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Saturday, 14 December 2013

Saturday Rave: A Nocturnal upon St Lucy's Day by John Donne.

This poem is by John Donne 1572–1631. It was written soon after the deaths of both his daughter and of a great friend, both called Lucy.

St Lucy's Day, December 13th is, in some traditions, celebrated as the shortest day of the year.

A Nocturnal upon St Lucy's Day

'Tis the year's midnight, and it is the day's,
Lucy's, who scarce seven hours herself unmasks;
The sun is spent, and now his flasks
Send forth light squibs, no constant rays;
The world's whole sap is sunk;
The general balm th' hydroptic earth hath drunk,
Whither, as to the bed's feet, life is shrunk,
Dead and interr'd; yet all these seem to laugh,
Compar'd with me, who am their epitaph.

Study me then, you who shall lovers be
At the next world, that is, at the next spring;
For I am every dead thing,
In whom Love wrought new alchemy.
For his art did express
A quintessence even from nothingness,
From dull privations, and lean emptiness;
He ruin'd me, and I am re-begot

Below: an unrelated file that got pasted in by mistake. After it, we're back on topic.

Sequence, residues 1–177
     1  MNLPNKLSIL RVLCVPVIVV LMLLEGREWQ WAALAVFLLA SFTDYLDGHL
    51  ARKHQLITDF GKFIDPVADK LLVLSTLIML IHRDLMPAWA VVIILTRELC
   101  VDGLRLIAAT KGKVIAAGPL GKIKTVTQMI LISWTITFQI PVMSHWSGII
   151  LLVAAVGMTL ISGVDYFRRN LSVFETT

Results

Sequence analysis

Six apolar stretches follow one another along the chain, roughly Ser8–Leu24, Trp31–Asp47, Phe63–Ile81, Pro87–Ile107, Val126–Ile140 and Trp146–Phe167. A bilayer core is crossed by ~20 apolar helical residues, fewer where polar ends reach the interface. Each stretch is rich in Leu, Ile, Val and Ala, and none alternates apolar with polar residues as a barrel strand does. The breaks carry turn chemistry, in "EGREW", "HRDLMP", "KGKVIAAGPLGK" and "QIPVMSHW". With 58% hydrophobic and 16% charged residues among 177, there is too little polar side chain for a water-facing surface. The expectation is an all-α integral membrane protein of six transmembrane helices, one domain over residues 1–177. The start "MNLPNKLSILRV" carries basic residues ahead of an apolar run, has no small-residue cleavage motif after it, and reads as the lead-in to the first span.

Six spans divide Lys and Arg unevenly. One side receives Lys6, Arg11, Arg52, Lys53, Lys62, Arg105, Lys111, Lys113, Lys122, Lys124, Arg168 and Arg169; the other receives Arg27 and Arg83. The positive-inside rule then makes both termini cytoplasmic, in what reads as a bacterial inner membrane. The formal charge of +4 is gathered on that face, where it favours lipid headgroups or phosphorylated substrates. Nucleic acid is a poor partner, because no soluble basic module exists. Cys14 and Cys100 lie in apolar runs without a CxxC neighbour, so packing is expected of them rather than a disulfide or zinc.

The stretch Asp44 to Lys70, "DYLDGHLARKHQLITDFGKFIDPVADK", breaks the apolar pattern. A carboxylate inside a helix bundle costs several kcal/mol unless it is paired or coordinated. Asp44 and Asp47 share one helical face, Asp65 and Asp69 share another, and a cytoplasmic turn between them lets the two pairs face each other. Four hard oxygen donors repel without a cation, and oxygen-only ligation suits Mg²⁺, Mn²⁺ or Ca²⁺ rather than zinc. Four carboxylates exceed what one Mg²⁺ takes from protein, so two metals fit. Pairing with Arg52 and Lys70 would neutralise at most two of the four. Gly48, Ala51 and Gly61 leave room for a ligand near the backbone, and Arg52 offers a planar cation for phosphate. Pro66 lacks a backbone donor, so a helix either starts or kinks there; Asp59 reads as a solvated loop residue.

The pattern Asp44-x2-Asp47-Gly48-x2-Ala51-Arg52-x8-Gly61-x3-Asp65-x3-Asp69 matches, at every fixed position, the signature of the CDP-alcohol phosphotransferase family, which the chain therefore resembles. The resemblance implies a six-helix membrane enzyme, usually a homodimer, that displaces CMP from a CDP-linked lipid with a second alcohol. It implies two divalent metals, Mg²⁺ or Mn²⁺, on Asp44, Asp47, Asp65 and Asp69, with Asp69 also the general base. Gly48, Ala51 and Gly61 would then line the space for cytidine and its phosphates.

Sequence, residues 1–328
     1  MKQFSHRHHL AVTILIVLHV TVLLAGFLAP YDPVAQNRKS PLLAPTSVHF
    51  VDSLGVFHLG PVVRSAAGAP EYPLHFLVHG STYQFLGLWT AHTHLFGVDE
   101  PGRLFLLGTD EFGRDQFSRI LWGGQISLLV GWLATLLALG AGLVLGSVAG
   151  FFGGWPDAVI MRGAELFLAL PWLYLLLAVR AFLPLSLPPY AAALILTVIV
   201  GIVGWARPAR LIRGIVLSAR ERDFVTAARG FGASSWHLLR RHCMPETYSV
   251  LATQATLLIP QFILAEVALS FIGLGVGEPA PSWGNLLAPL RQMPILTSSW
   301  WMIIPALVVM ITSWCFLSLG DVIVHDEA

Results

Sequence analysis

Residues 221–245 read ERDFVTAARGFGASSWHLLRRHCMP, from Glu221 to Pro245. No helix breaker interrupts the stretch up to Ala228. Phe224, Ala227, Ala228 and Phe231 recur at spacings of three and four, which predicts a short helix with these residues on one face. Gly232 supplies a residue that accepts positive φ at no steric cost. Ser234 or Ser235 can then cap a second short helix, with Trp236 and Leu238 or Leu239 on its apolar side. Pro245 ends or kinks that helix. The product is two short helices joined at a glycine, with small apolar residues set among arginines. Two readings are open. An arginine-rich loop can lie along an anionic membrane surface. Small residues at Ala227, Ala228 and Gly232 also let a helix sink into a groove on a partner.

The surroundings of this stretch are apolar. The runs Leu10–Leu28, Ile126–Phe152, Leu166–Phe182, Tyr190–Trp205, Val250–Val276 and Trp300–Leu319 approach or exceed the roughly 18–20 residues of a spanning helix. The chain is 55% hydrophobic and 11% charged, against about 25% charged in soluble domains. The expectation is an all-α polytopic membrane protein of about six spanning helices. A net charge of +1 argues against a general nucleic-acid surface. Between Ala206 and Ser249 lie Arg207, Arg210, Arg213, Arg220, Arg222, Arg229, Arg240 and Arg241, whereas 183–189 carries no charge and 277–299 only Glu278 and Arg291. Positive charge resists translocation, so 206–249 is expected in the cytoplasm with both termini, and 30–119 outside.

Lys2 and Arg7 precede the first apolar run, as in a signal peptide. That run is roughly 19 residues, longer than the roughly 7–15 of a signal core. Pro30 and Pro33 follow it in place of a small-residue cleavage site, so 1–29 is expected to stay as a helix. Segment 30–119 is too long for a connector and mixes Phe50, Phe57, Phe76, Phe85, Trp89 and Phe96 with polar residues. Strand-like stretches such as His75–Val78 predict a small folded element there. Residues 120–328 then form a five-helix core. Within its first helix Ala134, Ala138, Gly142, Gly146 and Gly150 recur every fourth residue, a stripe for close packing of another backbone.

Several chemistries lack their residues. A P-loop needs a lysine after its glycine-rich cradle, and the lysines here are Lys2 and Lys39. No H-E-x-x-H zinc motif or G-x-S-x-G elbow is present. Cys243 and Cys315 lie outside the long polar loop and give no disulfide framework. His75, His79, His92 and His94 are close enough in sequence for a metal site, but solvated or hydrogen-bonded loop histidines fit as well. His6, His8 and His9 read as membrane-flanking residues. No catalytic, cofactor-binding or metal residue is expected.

Of absence, darkness, death: things which are not.

All others, from all things, draw all that's good,
Life, soul, form, spirit, whence they being have;
I, by Love's limbec, am the grave
Of all that's nothing. Oft a flood
Have we two wept, and so
Drown'd the whole world, us two; oft did we grow
To be two chaoses, when we did show
Care to aught else; and often absences
Withdrew our souls, and made us carcasses.

But I am by her death (which word wrongs her)
Of the first nothing the elixir grown;
Were I a man, that I were one
I needs must know; I should prefer,
If I were any beast,
Some ends, some means; yea plants, yea stones detest,
And love; all, all some properties invest;
If I an ordinary nothing were,
As shadow, a light and body must be here.

But I am none; nor will my sun renew.
You lovers, for whose sake the lesser sun
At this time to the Goat is run
To fetch new lust, and give it you,
Enjoy your summer all;
Since she enjoys her long night's festival,
Let me prepare towards her, and let me call
This hour her vigil, and her eve, since this
Both the year's, and the day's deep midnight is.
No one is really sure exactly what this poem means (it probably wasn't designed for publication) but that doesn't stop it being glorious.
John Donne lived on for many years after this poem was written, became a famous preacher, and went on to write much more hopefully about the transforming power of love.
Word To Use Today: alchemy. There are lots of words in this poem that are to do with alchemy, one of the aims of which is turn base metal into gold. Alchemy comes from the arabic al-kīmiyā , from al, which means the, plus kīmiyā, transformation, from the Greek khēmeia, the art of transmutation. 



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